It morphed into a prettier, rounder body for the second version, before changing back to something in between, with a flat windowline and changing to a convertible roadster body.
It’s fair to say that the MR2 really didn’t set the world alight, and with a semi-manual transmission that was slow to react, the sportiness of the MR2 failed to deliver on the promise.
Paseo, not unlike the first MR2, featured a wedge shape, but was less assertive and less aggressive in styling.
First seen in Australia in 1991, it was viewed as a second choice to Celica, thanks to a weedy 1.5-litre petrol engine with 69kW. Torque? 136Nm.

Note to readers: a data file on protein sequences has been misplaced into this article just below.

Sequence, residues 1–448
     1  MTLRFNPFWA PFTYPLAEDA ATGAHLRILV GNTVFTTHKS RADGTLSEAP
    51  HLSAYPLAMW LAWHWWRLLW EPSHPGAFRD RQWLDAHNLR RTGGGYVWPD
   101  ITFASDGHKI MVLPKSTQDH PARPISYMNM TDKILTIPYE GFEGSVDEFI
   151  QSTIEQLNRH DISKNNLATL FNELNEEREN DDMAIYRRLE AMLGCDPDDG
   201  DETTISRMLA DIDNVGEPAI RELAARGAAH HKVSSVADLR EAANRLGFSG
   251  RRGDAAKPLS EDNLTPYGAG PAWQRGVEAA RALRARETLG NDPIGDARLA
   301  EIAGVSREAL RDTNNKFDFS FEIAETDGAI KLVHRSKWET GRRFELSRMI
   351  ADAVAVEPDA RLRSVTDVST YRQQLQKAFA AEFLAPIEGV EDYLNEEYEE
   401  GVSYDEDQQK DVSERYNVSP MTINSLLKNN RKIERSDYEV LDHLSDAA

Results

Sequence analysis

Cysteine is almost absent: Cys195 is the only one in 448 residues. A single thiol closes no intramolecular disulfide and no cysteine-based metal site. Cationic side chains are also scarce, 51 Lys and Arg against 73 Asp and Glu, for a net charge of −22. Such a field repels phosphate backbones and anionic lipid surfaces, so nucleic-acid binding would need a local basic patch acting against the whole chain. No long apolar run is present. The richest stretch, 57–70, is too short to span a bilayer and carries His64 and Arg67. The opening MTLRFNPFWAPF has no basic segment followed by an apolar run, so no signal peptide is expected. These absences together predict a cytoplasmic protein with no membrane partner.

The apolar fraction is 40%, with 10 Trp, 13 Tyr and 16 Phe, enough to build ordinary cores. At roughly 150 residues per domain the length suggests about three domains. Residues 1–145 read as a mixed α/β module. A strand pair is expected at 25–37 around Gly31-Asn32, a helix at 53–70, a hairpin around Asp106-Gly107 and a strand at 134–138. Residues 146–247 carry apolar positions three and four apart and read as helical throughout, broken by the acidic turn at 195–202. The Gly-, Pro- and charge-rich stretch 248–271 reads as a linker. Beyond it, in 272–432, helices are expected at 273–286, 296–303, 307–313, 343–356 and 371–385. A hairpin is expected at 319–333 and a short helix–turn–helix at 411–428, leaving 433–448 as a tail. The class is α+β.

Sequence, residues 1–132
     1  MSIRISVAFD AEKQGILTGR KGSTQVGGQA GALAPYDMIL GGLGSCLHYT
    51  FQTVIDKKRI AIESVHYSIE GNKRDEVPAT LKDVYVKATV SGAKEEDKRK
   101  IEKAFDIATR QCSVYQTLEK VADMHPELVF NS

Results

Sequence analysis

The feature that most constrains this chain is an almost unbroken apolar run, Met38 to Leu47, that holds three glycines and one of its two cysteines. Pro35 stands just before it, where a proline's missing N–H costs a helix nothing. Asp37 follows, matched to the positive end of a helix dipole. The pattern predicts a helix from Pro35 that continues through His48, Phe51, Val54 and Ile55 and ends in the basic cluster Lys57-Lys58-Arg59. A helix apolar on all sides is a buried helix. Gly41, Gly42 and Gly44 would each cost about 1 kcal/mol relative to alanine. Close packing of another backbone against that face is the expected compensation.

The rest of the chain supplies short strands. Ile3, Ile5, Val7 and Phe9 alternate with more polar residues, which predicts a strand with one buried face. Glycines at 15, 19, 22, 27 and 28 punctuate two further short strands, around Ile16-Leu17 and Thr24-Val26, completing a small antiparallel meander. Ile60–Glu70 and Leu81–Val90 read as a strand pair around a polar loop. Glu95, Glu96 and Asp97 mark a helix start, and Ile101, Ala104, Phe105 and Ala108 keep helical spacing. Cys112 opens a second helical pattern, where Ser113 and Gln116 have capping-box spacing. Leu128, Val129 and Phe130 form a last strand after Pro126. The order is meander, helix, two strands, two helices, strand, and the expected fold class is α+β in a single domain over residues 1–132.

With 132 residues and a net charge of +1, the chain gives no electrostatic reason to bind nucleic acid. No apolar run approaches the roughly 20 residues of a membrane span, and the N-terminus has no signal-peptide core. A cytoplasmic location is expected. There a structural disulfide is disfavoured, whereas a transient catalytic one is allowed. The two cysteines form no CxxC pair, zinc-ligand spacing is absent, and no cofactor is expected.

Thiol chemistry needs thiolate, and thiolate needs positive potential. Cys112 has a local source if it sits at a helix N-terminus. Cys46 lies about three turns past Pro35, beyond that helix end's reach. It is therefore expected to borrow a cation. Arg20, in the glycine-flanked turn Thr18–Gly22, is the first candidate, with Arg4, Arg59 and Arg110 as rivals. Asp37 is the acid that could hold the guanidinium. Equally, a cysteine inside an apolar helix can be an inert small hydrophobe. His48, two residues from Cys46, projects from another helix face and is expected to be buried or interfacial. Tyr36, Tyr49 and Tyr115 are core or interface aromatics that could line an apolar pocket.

In 2012, Toyota’s two-door history was rewritten as it roared back into the coupe segment with a joint venture.
Subaru supplied the driveline, including the flat four engine, and has a model known as the BRZ.
Toyota’s contender is the 86, and since its release has shipped over 200,000 units, as well as spawning a one-make race series here in Australia.
A typical coupe in the sense of a long bonnet and short boot, the 86 has a low centre of gravity, endowing the 152kW manual transmission or 147kW auto with great handling, and that on-the-edge feeling of being ready to break away — but never quite letting go.
Second generation 86/BRZ now offers a 2.4-litre engine, with an increased output of 174kW of power and up to 250Nm of torque.